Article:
If you liked the old ‘Strada 950, you’re going to love this. It’s the new Ducati Multistrada V2 and it’s lighter and more comfortable than the ‘950’ that it replaces. Ok, it’s not actually any more powerful, but that doesn’t mean you shouldn’t get excited about the new ‘Mini-Multi’. The latest addition to the V2 line-up is the ‘gateway to the Multistrada universe’ according to Ducati, and it’ll give you pleasure every day. Nice.
Keen Ducatisti will be familiar with the V2 engine. The 937cc Testastretta 11° Desmo engine makes 113 bhp and 96Nm of torque. Which is the same as the Multistrada 950. To be fair, that’s decent power when you compare it to things like the Triumph Tiger 900 (94bhp) and the BMW F 850 GS (95bhp). It’s an engine that works perfectly well in the new Monster, so I expect it’ll be just the ticket, in the new Multi’.
But it wasn’t the engine that Ducati have been shouting about. It was the weight loss and the new ergonomics. Let’s start with the weight. It’s 5kg lighter than the 950. That’s a fair old lump to lose in one fowl swoop. A big chunk of it has come from the engine, where they’ve lost 2kg, but the mirrors, wheels and brakes are all considerably lighter too. And if you want to go mega-light, there are a set of wire spoked wheels in the genuine accessories book that are even lighter still.
They also reckon they’ve made the new Multi even more comfortable, for both tall and short riders. They’ve lowered the seat by 10mm (now 810mm seat height), and made it narrower (by 40mm), so it’s easier to touch the ground. And so that the taller riders aren’t all cramped up thanks to the new, lower seat, they’ve moved the foot pegs “10mm further away from the seat”. You have to assume that that means 10mm lower down; that’s great of you’re looking for a comfy ride, but I can see it causing a ground-clearance issue. Which isn’t great.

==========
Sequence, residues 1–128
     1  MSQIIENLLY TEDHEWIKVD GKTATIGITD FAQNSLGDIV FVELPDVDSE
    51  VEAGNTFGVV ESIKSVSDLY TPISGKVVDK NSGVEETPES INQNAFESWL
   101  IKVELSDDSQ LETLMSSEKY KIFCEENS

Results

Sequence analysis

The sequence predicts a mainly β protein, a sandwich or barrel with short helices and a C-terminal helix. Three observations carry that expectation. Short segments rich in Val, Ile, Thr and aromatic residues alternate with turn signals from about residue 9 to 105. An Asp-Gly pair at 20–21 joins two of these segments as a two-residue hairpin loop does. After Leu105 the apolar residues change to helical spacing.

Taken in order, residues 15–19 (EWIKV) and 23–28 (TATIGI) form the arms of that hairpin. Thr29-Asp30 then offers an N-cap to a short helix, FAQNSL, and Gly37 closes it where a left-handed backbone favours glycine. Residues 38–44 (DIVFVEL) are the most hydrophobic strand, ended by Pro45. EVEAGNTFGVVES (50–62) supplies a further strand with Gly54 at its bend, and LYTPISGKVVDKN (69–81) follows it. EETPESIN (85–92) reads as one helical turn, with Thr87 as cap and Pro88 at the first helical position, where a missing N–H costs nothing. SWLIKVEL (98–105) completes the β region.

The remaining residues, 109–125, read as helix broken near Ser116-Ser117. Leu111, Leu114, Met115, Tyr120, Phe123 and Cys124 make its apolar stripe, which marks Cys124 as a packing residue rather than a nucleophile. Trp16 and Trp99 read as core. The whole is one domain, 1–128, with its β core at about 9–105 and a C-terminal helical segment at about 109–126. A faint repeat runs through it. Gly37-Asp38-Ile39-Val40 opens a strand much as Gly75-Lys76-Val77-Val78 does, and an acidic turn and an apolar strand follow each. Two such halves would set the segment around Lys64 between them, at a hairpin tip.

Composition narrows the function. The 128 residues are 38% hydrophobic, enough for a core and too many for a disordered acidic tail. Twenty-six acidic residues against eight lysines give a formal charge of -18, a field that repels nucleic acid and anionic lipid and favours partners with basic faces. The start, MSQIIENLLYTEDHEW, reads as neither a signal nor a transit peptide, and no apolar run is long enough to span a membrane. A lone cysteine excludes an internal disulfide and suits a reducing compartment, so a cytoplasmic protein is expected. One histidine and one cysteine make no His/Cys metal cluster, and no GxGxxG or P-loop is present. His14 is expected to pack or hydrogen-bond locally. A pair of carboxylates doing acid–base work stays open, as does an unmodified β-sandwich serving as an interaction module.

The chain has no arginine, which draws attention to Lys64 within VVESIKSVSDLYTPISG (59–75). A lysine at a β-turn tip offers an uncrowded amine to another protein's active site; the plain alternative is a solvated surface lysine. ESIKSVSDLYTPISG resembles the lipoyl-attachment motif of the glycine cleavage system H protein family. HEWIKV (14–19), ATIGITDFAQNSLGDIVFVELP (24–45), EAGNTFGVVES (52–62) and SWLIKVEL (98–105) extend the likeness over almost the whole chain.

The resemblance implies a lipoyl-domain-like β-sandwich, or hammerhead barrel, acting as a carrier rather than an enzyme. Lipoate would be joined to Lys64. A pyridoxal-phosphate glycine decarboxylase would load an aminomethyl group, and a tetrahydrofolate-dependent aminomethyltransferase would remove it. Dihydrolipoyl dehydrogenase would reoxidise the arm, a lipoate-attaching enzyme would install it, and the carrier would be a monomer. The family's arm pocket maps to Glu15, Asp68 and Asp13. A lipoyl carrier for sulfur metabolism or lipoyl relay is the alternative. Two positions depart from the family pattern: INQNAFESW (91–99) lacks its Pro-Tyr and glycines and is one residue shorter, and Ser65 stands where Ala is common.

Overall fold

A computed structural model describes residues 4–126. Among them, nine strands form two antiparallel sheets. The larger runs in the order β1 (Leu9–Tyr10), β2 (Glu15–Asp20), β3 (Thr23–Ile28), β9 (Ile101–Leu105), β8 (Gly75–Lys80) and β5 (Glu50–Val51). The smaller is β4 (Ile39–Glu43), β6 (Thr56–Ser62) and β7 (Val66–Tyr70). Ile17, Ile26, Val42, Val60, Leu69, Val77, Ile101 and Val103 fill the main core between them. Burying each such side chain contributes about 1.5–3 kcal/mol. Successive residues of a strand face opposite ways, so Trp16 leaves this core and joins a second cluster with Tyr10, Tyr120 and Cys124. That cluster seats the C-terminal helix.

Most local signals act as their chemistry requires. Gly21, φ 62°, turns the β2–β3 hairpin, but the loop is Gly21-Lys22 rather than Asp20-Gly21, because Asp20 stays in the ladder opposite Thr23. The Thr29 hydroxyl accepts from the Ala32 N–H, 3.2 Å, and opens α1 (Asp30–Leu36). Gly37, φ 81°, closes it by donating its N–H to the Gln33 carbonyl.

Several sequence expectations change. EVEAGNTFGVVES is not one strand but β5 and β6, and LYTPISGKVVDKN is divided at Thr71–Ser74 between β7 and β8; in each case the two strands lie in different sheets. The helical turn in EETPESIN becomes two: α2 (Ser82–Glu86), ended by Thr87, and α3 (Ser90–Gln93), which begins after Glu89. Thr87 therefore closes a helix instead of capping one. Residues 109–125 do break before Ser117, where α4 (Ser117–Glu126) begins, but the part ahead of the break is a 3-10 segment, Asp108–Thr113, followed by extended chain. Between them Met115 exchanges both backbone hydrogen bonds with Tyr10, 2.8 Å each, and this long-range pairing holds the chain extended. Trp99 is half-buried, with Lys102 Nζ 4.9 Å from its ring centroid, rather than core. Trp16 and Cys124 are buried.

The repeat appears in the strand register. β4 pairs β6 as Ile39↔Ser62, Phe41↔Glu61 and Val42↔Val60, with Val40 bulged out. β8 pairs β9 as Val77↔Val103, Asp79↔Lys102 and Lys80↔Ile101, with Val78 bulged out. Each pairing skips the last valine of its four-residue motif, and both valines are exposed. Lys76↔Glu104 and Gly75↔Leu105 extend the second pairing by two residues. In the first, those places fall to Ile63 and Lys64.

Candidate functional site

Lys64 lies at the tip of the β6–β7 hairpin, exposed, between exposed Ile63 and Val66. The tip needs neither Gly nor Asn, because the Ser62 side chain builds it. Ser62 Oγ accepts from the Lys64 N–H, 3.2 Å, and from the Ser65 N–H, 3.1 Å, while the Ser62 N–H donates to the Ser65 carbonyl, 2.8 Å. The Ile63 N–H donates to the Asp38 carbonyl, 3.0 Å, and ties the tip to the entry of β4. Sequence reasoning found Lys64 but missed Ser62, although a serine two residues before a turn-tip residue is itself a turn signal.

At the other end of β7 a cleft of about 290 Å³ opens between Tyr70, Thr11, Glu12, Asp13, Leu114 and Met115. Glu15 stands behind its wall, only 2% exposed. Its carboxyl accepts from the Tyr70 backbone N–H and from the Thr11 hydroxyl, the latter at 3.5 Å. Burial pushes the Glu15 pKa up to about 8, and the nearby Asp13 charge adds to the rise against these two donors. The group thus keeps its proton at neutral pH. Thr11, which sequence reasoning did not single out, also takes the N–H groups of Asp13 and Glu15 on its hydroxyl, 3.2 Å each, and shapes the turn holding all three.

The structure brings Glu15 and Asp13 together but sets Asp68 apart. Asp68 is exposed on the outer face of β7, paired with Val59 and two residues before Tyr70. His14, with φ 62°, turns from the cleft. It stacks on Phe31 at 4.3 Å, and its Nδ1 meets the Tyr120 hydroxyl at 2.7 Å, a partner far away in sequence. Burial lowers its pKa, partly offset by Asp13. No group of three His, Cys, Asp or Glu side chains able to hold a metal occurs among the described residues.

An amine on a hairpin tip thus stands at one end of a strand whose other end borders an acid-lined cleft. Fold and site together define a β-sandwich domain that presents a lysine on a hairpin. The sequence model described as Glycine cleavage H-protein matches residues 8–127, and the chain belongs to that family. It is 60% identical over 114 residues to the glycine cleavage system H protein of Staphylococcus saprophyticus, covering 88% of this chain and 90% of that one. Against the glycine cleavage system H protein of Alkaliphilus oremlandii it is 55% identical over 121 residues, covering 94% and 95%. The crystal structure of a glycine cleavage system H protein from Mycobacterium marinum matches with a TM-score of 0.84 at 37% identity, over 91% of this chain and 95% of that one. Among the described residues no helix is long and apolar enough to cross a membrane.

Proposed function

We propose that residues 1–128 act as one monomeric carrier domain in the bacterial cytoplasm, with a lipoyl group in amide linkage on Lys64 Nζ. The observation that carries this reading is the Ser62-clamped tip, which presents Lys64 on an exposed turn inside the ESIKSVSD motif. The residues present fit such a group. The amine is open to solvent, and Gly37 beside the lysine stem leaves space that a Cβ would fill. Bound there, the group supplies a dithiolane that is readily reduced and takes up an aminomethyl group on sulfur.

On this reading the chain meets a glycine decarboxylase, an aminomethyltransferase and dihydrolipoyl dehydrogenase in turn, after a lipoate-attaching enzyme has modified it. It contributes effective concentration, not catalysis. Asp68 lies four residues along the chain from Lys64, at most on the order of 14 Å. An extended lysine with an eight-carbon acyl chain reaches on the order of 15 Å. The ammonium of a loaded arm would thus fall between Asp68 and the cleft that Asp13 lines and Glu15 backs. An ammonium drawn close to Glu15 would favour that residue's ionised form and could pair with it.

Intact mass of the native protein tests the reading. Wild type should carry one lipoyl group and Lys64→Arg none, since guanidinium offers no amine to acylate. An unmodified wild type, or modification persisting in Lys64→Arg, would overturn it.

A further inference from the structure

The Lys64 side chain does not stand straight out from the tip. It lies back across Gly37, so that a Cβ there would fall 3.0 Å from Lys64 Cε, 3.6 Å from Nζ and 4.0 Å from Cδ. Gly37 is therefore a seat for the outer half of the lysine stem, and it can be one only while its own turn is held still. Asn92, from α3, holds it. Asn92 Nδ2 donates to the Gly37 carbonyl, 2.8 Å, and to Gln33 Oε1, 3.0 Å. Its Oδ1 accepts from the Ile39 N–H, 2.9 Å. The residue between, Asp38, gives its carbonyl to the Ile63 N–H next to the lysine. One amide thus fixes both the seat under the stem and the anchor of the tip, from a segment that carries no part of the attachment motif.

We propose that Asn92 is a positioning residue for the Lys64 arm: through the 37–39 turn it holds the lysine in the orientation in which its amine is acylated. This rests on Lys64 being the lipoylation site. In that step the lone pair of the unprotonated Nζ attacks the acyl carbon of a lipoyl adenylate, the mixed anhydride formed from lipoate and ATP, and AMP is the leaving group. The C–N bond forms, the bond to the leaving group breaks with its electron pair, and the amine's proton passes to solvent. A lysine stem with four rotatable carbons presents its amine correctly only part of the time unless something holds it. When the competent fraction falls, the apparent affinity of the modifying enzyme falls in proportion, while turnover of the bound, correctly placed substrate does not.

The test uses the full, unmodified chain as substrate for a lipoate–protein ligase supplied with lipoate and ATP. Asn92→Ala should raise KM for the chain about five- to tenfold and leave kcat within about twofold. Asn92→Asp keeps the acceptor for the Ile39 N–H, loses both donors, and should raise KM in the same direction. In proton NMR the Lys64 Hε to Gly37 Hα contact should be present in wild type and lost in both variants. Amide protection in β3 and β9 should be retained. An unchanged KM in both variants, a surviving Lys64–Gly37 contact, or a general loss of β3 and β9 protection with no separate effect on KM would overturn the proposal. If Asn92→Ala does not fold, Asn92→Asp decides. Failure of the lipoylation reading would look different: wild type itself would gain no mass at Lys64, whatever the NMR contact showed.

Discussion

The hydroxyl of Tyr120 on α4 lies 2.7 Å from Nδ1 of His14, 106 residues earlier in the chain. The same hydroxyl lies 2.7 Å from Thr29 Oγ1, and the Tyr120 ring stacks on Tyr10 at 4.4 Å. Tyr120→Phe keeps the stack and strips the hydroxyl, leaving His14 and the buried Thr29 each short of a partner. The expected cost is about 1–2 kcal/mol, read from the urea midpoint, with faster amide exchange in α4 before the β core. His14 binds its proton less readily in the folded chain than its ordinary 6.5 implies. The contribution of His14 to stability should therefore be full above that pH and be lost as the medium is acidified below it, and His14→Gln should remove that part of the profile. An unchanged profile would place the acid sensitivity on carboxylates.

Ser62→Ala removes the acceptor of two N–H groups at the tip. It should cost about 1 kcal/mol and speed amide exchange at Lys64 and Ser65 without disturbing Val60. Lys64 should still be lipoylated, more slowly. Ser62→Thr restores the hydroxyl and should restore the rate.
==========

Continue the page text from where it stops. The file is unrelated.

S is for Sexual.
There is a V2 and a V2 S, with the biggest difference being the electronics package. Both models come with all the standard stuff, so ABS, TC, four riding modes (Sport, Touring, Urban, Enduro) and Hill-Start Control. On top of that, the ‘S’ comes with cruise control, LED lights, cornering lights, a ‘shifter, and TFT dash. You also get Ducati’s Skyhook electronic suspension on the V2 S.
As you’d expect, there are a plethora of optional extras, from saddle bags to heated grips and everything in between. All being well, they’ll be hitting the showrooms this November (2021) and although we haven’t had confirmation of the price yet, I’d expect it to be around the £12,000 mark. More as and when.
But where is the v2 streetfighter?!?
The Panigale V2 has a totally different engine (“Superquadro’” not “Testastretta”.) FYI.
But is it staying timing belt or going chain? Desmo’ or ordinary valves? The latter two make for much longer service interval mileage, which is a good thing on such bikes.